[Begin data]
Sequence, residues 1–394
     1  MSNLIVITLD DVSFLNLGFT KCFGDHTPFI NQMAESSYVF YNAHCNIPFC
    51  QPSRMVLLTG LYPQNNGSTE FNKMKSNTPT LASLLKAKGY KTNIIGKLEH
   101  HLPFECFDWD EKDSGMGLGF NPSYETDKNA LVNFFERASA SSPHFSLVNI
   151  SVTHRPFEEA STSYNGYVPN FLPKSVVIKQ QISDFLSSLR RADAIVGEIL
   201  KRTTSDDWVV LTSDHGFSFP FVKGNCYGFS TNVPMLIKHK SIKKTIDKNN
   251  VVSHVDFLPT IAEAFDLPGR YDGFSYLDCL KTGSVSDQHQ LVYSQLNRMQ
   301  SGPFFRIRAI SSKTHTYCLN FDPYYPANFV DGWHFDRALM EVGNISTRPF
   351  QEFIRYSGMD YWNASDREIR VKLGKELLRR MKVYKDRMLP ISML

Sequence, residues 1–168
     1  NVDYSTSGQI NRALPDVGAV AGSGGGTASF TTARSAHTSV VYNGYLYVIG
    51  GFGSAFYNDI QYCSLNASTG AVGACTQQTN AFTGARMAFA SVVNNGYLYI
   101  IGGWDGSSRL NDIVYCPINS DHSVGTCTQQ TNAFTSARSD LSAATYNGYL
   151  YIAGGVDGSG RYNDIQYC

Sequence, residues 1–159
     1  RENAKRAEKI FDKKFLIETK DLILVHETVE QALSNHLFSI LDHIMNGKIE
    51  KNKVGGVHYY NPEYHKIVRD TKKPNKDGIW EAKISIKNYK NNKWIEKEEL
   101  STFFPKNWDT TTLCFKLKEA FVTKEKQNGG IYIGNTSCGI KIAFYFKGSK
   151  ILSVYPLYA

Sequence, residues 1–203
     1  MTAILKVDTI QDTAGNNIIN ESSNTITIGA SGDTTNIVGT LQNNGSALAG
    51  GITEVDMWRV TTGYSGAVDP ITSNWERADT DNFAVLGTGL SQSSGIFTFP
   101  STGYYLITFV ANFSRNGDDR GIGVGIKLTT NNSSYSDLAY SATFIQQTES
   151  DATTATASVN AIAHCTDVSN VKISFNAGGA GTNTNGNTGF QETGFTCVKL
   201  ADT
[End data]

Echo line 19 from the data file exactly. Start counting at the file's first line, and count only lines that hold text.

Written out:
   151  ILSVYPLYA